By Frank Ahrens
Washington Post Staff Writer
Friday, September 8, 2006
Television broadcasters won a temporary victory yesterday when a federal appeals court told the Federal Communications Commission not to enforce an indecency ruling it imposed on several television shows earlier this year.
The court action is the latest skirmish between the FCC and broadcasters over what can and cannot be said and shown on over-the-air television and radio. The FCC has toughened its indecency actions under Chairman Kevin J. Martin and his predecessor, Michael K. Powell, after several noteworthy incidents in the past few years, including the exposure of Janet Jackson's right breast during the 2004 Super Bowl halftime show.
Broadcasters have argued that they are held to a double standard when it comes to their programming -- cable and satellite channels are not under the FCC's jurisdiction -- and that government regulation of broadcast content has suppressed creativity and is increasingly irrelevant in a 200-channel, Internet world.
In March, the FCC ruled that episodes of ABC's "NYPD Blue" and shows on Fox and CBS violated the agency's indecency rules, which forbid the broadcast of sexual or excretory material between 6 a.m. and 10 p.m., when children are most likely to be watching.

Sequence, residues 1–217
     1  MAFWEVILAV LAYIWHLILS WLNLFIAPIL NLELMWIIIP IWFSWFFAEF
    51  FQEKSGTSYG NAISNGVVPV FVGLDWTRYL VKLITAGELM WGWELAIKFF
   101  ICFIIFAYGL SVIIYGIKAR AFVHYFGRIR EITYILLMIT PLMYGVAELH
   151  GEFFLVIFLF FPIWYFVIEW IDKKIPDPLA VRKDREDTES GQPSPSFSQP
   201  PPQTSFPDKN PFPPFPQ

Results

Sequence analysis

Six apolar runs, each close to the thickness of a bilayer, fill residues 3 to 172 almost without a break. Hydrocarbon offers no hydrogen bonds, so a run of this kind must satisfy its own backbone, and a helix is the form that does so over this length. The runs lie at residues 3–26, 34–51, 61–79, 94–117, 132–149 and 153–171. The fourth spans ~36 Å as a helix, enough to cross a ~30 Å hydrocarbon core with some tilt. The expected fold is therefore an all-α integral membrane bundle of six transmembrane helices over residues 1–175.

Even though the FCC proposed no fines for the incidents, the networks appealed the ruling, saying the agency had exceeded its authority and set a precedent that would restrain free speech and crimp creative programming.
The penalized shows contained "fleeting" uses of profanity, which the broadcasters argued should not be automatically considered indecent. For example, a 2003 episode of "NYPD Blue" contained the profane word for bull excrement.
In April, the four major television networks and 800 affiliates appealed the FCC's ruling in federal court, asking judges to overturn the indecency judgments. Yesterday, the U.S. Court of Appeals for the 2nd Circuit issued an indefinite stay of the ruling while the judges consider whether to overturn the commission's action. Broadcasters expect a decision next year.
"We are gratified that the court has taken the first step in recognizing the serious First Amendment issues raised by the FCC's new enforcement policies," CBS said in a corporate statement.
The FCC also considered yesterday's ruling a partial victory. The agency said it made the March indecency rulings to give the broadcasters guidelines on what can be said on television. But when the broadcasters complained, the FCC acknowledged that it had not followed its usual procedure in declaring the shows indecent. The agency asked the court to send back the indecency decision so it could be reconsidered, which the court did yesterday.
Nevertheless, the FCC bristled at the court order to stay the indecency rulings.
"Hollywood argues that they should be able to say the F-word on television whenever they want," FCC spokeswoman Tamara Lipper said in a written statement. "The commission continues to believe they are wrong, and there should be some limits on what can be shown on television."